Buying an investment property

Posted on Mar 01, 2019

"The Best Investment on Earth Is Earth” – Louis Glickman**

A lot of value can come from buying an investment property. It can provide an additional income stream and allow you to diversify from the usual investments of bonds and stocks. But, making such a big purchase also comes with challenges. It takes capital, time and patience - dealing with tenants isn’t always smooth sailing.

The most effective way to approach such a big decision is to:

  • Know all the steps involved
  • Understand the investment process
  • Understand the commitment you are making

What are the 5 important tips for buying an investment property?

Consider the risks involved

Before you buy another property, take the following risks into consideration:

  • Maintenance and upkeep costs can add up.
  • You will need to be financially prepared for months where the property is vacant or in need of renovations - or any other emergencies.
  • Legislation protects non-paying tenants. So, it may be difficult to vacate your premises if your occupants are unable to keep up with rental payments.

Research the market

Don’t simply listen to success stories and think the same results will apply to you. You are about to invest a lot of capital into an investment property. Make sure you have a clear understanding of the relative markets.

Typical factors, such as location, size and structure of the building, the condition of the building and property in general, affect the resale value of a property. Also, keep in mind, crime and rezoning of districts as this can negatively affect property value in certain areas. Properties that are close to malls, schools and other important centres are most likely to uphold a strong value.

Critically check the property

Be aware of a house that needs a lot of fixing, especially if you’re buying your first investment property. You may want to buy the cheapest house out there, but it could come at a bigger cost in the long run.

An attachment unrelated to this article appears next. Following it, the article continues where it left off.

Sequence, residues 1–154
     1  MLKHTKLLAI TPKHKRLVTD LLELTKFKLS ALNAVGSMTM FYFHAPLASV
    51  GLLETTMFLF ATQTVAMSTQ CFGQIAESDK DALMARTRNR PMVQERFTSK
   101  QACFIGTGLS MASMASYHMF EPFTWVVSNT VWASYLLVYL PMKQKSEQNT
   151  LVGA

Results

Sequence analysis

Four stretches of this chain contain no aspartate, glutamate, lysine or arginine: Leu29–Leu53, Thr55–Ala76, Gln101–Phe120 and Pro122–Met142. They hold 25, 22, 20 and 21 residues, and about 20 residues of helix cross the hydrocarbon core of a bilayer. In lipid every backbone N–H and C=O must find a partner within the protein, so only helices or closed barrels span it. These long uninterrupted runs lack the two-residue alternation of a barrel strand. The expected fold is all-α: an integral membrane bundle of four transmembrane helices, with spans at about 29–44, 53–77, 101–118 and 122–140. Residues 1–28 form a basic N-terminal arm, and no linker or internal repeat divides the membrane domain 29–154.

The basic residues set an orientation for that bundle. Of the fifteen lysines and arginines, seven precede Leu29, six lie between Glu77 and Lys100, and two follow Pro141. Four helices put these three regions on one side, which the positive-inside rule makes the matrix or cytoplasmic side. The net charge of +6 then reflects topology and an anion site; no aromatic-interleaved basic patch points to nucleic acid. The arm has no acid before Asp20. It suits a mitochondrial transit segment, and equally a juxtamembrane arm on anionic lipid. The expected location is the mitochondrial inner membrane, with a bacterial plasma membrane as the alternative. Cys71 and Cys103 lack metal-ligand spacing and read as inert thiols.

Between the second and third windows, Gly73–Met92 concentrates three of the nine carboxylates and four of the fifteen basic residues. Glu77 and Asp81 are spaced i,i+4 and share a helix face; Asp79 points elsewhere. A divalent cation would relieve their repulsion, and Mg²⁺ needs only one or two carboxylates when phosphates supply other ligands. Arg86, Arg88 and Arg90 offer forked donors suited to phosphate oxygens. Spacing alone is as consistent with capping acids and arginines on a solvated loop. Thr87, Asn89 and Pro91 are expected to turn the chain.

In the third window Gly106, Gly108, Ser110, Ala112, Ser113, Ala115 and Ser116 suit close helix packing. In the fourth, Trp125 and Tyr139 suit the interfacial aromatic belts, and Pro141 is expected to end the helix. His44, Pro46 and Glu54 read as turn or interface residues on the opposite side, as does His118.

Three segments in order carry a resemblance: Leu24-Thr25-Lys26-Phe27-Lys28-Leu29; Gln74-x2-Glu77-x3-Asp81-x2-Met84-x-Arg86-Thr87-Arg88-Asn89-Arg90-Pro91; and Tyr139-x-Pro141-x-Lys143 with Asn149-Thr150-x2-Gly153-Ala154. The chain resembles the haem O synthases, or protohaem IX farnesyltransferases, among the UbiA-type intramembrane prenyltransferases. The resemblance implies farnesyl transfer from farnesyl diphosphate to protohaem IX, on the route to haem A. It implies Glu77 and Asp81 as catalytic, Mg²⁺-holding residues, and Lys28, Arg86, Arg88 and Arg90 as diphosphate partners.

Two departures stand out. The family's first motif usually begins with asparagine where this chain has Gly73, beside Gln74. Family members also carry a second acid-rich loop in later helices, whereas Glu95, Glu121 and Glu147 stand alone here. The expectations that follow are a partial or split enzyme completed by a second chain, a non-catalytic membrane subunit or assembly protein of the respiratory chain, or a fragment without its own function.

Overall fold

Renovations can be financially crippling. So, unless you have great connections and a lot of money to spend on fixing up the property, rather purchase a property that doesn’t need too much work done.

Identify costs and potential profit

If you’re not paying cash upfront for the property, have a deposit for a bond before applying for finance. You can decide to pay back the bond with interest over 20, 25 or 30 years. Remember, the longer you take to pay off the bond, the more you will pay on interest.

You will need to take into account a few costs over and above the purchase price, including maintenance and repair, levies, utility bills, transfer costs, commission and VAT on the commission.

It may take some time to make a profit so make sure you have enough money to cover extra costs involved in the purchase.

Get the lowest interest rate possible

When applying for a home loan:

  • Apply for a loan at a few banks to see where you can get the lowest interest rates for your bond.
  • Don’t assume there is nothing you can do to reduce the amount of interest you need to pay for your bond or the terms of your repayments.
  • Pay the biggest deposit you can to save money on your monthly installments and reduce the amount of time it takes to pay off the bond.

Find a property auction

If you’re looking for a once in a lifetime property deals, visit Van’s Auctioneers to see when our up and coming actions are taking place. You can check out our tips on buying property on auction here.

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